The Web Setup: StatusPage

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In our latest installment of the Web Setup, we talk to Steve Klein of StatusPage.io, another fully distributed startup team. With StatusPage, you can create a status page for your web service in minutes to keep your customers up-to-date about your uptime. We happily use their product ourselves (check out status.meldium.com). For a taste, here's the building where Steve works!

Transient

Hi Steve, tell us about your team; what kind of office setup do you have?

Currently it's just the three of us (Scott, Danny, and me) though we're looking for 1 more (a DevOps engineer preferably with Rails experience). We're a 100% distributed team and have been from the start. I'm living in Raleigh, Scott is in Fort Collins and Danny just moved to San Francisco. We lived together briefly in Mountain View, CA during the Summer 2013 class of Y Combinator but we all moved back home after it was over. Every month or two we get together in actual meatspace for about a week.

meatspace.jpg
Every month or two we get together in actual meatspace for about a week.

I work out of BLDG Co. which is a co-working space near downtown Raleigh. I work on a turbo-charged 15” Mac Book Pro. I've rigged several different pieces together to form a Frankenstein standing desk.

When Scott first got to Colorado, he somehow got hooked up with 4 other founders of Internet businesses. They all decided to get an office together in a business accelerator building called the Innosphere. Scott's setup is incredibly messy, but has a ton of pixels. It looks like a command center, and will live up to the name even more once he gets a 42” TV for our Librato dashboard mounted up above the Thunderbolt display.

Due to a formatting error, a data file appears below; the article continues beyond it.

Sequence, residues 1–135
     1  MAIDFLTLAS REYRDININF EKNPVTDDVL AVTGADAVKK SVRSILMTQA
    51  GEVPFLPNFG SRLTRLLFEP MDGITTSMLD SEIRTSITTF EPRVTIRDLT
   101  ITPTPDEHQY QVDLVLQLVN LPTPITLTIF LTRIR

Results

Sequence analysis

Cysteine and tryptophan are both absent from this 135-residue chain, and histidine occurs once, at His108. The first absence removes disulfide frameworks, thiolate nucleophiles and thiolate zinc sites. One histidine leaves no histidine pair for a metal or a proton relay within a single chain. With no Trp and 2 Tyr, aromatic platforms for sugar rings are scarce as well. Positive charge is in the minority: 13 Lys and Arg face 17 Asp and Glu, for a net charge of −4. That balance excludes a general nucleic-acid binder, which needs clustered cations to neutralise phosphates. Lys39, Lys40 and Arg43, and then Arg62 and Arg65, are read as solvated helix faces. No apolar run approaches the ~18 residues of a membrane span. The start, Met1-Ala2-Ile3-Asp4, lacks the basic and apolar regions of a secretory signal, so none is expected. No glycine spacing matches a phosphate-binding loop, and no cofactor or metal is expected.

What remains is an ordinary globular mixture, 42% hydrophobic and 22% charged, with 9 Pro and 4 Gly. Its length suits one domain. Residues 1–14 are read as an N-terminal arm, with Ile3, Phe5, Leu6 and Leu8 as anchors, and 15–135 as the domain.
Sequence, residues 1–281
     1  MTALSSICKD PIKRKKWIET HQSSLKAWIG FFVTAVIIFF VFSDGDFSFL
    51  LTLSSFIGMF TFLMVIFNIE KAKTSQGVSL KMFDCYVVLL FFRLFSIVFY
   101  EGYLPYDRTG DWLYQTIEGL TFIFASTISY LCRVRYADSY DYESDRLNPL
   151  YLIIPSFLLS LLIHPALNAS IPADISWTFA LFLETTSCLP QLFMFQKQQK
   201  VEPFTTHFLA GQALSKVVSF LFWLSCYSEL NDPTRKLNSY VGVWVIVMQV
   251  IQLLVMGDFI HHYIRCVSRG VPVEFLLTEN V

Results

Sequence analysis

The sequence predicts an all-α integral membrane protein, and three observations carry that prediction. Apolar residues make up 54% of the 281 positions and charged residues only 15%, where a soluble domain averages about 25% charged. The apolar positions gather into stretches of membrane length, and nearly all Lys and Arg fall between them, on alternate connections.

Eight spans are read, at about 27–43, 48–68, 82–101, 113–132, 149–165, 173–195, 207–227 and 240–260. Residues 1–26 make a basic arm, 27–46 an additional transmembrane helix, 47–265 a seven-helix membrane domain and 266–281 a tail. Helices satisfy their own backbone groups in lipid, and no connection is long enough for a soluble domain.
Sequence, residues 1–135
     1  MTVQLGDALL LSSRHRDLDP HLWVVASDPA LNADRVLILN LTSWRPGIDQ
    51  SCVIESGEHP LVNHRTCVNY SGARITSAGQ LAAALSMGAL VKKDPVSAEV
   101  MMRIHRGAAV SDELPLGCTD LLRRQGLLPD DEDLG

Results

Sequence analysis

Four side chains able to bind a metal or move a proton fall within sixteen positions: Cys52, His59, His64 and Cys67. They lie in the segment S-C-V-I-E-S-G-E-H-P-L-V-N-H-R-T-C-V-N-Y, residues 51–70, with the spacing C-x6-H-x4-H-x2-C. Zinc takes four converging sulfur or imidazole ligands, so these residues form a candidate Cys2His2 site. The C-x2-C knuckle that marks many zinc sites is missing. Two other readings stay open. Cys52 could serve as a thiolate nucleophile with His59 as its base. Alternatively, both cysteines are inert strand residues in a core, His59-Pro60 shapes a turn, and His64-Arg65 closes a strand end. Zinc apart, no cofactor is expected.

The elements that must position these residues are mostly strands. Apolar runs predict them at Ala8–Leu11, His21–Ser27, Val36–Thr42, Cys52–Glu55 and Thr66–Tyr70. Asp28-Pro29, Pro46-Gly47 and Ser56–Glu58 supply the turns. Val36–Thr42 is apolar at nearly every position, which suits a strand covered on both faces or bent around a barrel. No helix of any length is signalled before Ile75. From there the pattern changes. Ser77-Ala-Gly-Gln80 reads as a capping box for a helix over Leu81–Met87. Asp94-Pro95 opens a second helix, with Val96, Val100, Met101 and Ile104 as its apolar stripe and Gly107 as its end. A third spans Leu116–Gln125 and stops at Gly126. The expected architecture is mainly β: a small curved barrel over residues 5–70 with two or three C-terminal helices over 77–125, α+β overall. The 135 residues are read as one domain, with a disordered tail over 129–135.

Danny joined Geekdom SF, a co-working space for B2B software and infrastructure startups within Rackspace SF, a few weeks back. He's surrounded by other smart founders from companies working on B2B startups and almost every day there's some type of developer-focused meet up. They have electric standing desks, individual breakout rooms, a fully stocked fridge, and an open bike repair area. Sold.

What web apps can your team not live without? How do you pick them?

We move pretty quickly when it comes to using new tools. The biggest thing that plays into our decision to use a product is can we do all the things we want to do with it. We're not too price sensitive, we'll deal with a bad interface, we don't care too much about them having a native iPhone/Android App. Being able to do all the things we want with it decides whether or not we use a product and all of these extras influence how likely we are too recommend it to other people. Here's some of the important tools we use.

Oh and this awesome service called Meldium helps us manage authentication for all of them =D.

What tools/tricks does your team use to work remotely?

The number one thing that helps us work better remotely is an always on GoToMeeting room. It's almost like we're in the same room. We can talk easily, listen to music together, and see each other's screens at the drop of a hat.

Another thing we recently started using is iDoneThis. It helps everyone keep up-to-date with what other people are working on. It also gets you excited about what other people are working on. When you work remotely, there are times where you'll only be online for a few hours with the rest of the team and will miss out on what they're doing. iDoneThis helps keep up the feeling of movement and progress within the team.

Also, we're in HipChat 100% of the time, which helps fill in the gaps.

What would be your dream setup?

The biggest problem we face today is the problem inherent in working remotely. We're not always on at the same time and some tasks require us to work together. We occasionally schedule time together on iCal but could probably do better.